I have a screenshot of an ethernet packet frame from Wireshark.
I need to explain what is the meaning of these marked lines (with dots and zeros). I searched in web, but still I don't have an answer.
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Both the LG bit (sometimes also referred to as UL bit) and the IG bit are located in the most significant byte of each MAC address, where the IG bit is the least significant bit in this byte and the LG bit is the second least significant bit in this byte.
The IG bit distinguishes whether the MAC address is an individual or group (hence IG) address. In other words, an IG bit of 0 indicates that this is a unicast MAC address, an IG bit of 1 indicates a multicast or broadcast address.
The LG or UL bit on the other hand distinguishes vendor assigned and administratively assigned MAC addresses. When you administratively change the MAC address of your device to another address, then you should set this bit to one. Many drivers and cards however do not enforce this, and I do not know one application which really relies on this one.
So the vast majority of cases (except for broadcast messages) you will see both bits set to 0 (unicast and vendor assigned), as can be confirmed in your screenshot.
Ethernet is defined by the IEEE 802 standards. These are available for free through the IEEE GET Program, but you must login with an IEEE account. Here's a copy-paste from the 802 "Overview and Architecture" document, Chapter 8 (MAC addresses):
... the least significant bit (LSB) of the first octet is the individual/group (I/G) address bit. The next-to-LSB of the first octet for the assignment is the universal/local (U/L) address bit.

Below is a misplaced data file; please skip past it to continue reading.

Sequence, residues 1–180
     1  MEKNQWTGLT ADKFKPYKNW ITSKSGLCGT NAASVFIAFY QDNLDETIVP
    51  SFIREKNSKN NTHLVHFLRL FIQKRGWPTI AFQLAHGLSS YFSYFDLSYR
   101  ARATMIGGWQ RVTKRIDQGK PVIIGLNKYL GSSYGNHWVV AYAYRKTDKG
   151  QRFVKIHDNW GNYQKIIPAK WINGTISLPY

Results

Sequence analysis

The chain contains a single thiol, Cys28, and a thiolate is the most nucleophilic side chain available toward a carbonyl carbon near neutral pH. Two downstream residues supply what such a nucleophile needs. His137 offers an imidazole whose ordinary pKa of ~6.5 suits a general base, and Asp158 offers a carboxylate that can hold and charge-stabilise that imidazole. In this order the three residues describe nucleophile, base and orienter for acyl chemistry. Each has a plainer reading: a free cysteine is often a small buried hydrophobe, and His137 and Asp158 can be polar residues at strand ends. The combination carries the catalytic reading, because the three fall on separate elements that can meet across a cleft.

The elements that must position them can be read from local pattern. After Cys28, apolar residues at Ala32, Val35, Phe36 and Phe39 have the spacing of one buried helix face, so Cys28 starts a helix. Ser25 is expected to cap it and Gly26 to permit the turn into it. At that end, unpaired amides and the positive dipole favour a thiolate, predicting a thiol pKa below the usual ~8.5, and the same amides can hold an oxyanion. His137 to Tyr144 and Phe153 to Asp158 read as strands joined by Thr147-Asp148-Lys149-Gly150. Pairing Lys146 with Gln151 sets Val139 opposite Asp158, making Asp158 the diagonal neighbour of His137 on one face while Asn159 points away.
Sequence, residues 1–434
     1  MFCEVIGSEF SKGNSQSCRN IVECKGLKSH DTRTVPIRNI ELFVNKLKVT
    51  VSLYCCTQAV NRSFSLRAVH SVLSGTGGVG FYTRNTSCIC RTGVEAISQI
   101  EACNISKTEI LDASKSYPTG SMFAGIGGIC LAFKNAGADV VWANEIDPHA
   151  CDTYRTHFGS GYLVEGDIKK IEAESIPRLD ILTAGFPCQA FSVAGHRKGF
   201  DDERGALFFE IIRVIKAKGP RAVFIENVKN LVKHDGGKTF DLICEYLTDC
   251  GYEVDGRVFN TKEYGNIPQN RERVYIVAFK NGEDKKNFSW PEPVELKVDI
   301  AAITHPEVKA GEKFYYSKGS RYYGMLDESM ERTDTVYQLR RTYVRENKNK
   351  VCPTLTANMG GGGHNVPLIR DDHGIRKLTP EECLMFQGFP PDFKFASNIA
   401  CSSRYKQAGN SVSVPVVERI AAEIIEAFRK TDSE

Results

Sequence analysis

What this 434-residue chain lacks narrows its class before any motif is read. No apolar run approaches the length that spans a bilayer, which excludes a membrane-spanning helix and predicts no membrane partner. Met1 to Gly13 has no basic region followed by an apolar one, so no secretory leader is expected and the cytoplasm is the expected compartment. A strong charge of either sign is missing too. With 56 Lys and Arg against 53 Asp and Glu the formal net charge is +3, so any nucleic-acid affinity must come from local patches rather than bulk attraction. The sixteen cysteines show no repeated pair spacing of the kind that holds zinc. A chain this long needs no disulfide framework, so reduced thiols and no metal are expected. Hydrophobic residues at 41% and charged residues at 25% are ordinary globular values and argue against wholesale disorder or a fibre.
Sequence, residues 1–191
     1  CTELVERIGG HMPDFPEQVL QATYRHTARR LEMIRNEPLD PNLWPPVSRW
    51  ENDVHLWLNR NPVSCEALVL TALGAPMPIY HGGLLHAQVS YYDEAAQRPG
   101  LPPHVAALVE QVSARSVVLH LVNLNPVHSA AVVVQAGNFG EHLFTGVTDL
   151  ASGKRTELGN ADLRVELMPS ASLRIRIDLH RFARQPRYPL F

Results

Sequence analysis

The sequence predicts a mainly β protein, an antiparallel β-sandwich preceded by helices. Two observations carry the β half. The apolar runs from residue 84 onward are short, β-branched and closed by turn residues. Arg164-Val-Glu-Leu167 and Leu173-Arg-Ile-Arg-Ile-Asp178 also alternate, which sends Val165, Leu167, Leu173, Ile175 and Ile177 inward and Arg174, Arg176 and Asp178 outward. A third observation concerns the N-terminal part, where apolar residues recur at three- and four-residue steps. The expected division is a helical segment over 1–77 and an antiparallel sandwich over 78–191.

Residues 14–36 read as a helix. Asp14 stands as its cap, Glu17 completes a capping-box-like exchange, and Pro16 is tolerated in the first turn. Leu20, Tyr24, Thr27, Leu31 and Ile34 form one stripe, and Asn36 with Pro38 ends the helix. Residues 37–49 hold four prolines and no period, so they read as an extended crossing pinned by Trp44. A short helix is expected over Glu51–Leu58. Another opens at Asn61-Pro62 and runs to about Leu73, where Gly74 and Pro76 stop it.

As waza-ari noted, Wireshark uses the alternative "LG" notation for the U/L bit.
The I/G address bit is used to identify the destination MAC address as an individual MAC address or a group MAC address. If the I/G address bit is 0, it indicates that the MAC address field is an individual MAC address. If this bit is 1, the MAC address is a group MAC address that identifies one or more (or all) stations connected to the IEEE 802 network. The all-stations broadcast MAC address is a special group MAC address of all 1’s
The U/L bit indicates whether the MAC address has been assigned by a local or universal administrator. Universal addresses have the U/L bit set to 0. If the U/L bit is set to 1, the remaining bits (i.e., all bits except the I/G and U/L bits) are locally administered and should not be expected to meet the uniqueness requirement of the IEEE RA-assigned values.
When U/L (LG) is set to 0, the first 3 octets (24 bits) of a MAC address are known as an OUI (Organisationally Unique Identifier). As you can see in your screenshot, Wireshark looks up the OUI in a table maintained by the IEEE Registration Authority (also freely available) and displays the organisation name. In this case 0x0017C4 = "Quanta Microsystems, INC."
When U/L (LG) is set to 0, the MAC address must be globally unique. When U/L (LG) is set to 1, the MAC address must be LOCALLY unique. i.e. The uniqueness does not need to extend beyond a router.
So, waza-ari is wrong in one respect: the U/L (LG) bit is important.